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Piston Ring Friction Losses in a Free Piston Engine with Variable Frequency

Journal Article
03-15-04-0025
ISSN: 1946-3936, e-ISSN: 1946-3944
Published November 09, 2021 by SAE International in United States
Piston Ring Friction Losses in a Free Piston Engine with Variable Frequency
Sector:
Citation: null
Language: English

Abstract:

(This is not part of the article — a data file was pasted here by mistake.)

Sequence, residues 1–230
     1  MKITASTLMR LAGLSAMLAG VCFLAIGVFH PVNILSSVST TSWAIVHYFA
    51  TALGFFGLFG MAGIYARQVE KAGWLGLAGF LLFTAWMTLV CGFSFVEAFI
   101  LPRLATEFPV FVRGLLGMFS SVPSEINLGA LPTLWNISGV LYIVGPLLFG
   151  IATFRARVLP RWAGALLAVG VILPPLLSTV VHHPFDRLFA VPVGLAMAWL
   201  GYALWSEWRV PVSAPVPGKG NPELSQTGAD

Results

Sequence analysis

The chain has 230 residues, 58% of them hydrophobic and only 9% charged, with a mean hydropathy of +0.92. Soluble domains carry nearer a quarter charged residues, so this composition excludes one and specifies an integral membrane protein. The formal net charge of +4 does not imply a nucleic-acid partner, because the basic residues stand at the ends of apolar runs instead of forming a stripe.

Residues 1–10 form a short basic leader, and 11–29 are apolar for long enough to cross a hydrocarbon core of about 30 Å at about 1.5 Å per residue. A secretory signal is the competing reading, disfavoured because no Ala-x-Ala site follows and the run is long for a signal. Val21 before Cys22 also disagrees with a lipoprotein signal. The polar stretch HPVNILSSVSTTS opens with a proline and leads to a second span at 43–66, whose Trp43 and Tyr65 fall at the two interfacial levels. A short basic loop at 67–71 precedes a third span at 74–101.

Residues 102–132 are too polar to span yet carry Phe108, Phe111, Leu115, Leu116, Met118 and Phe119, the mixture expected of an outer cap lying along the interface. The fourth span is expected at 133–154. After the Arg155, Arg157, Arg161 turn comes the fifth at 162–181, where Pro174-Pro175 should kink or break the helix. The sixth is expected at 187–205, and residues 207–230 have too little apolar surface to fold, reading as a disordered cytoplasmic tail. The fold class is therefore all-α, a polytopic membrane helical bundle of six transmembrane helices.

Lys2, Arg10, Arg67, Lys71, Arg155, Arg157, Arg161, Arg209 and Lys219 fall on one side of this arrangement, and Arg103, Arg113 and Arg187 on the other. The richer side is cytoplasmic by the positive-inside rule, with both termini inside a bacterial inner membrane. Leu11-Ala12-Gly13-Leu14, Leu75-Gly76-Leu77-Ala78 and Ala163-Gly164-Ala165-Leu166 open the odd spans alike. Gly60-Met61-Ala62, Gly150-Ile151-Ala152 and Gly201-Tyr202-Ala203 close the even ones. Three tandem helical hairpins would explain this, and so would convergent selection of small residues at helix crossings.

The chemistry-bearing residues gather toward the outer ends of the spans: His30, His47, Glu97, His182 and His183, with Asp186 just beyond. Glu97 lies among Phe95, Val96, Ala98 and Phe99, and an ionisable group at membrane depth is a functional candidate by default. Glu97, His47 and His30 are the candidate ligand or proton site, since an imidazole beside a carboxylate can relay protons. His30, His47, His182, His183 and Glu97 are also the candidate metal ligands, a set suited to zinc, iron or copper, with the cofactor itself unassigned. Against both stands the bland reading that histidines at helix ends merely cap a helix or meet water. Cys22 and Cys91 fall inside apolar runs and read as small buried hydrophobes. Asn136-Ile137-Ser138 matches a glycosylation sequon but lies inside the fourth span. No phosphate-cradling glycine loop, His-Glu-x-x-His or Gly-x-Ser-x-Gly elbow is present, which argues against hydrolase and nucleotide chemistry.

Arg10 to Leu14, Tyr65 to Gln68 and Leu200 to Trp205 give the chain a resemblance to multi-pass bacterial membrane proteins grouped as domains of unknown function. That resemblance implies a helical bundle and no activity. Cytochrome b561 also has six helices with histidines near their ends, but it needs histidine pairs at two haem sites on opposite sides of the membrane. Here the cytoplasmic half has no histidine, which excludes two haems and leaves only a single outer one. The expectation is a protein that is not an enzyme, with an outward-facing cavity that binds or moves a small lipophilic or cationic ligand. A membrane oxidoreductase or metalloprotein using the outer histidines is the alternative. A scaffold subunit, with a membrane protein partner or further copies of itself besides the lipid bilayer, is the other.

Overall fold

Free piston linear engines (FPLE) directly convert the piston reciprocating motion into electricity using an integrated linear alternator. Unlike conventional crankshaft engines, the FPLE’s motion is variable and is not restricted between the predefined or fixed dead centers. The variable FPLE motion is governed by the system of forces acting on the translator (reciprocating) mechanism. In some cases, energy storage devices like stiff mechanical springs are used in the FPLE system for increasing frequency and power density. Variations in the forces acting on the reciprocating mechanism will significantly influence the dynamics, in-cylinder thermodynamics, and mechanical friction losses of FPLE. While the researchers til today focused on finding the piston ring frictional characteristics for one design and operating point, no investigation was performed to understand how different design and operating variables impact the frictional characteristics of a free piston engine. Furthermore, no investigation was carried out so far for a free piston engine with a dominant energy storage system (i.e., stiff mechanical springs). The novelty of this article lies in analyzing and understanding the effect of the alternator’s moving mass and spring stiffness on FPLE dynamics and piston ring frictional characteristics. Two different cases are considered. The first case deals with the calculation of piston ring frictional losses for different spring stiffness at the same operating frequency. The second case deals with the calculation of piston ring frictional forces for different spring stiffnesses with constant translator moving mass. The piston rings’ power losses on average remained constant for all the spring stiffness values in Case I. This loss value corresponds to 3.01% of the total fuel energy input. In Case II, the frictional power losses increased as the spring stiffness was raised. In this case, the frictional losses increased from 2.12% to 3.37% of the fuel energy with spring stiffness.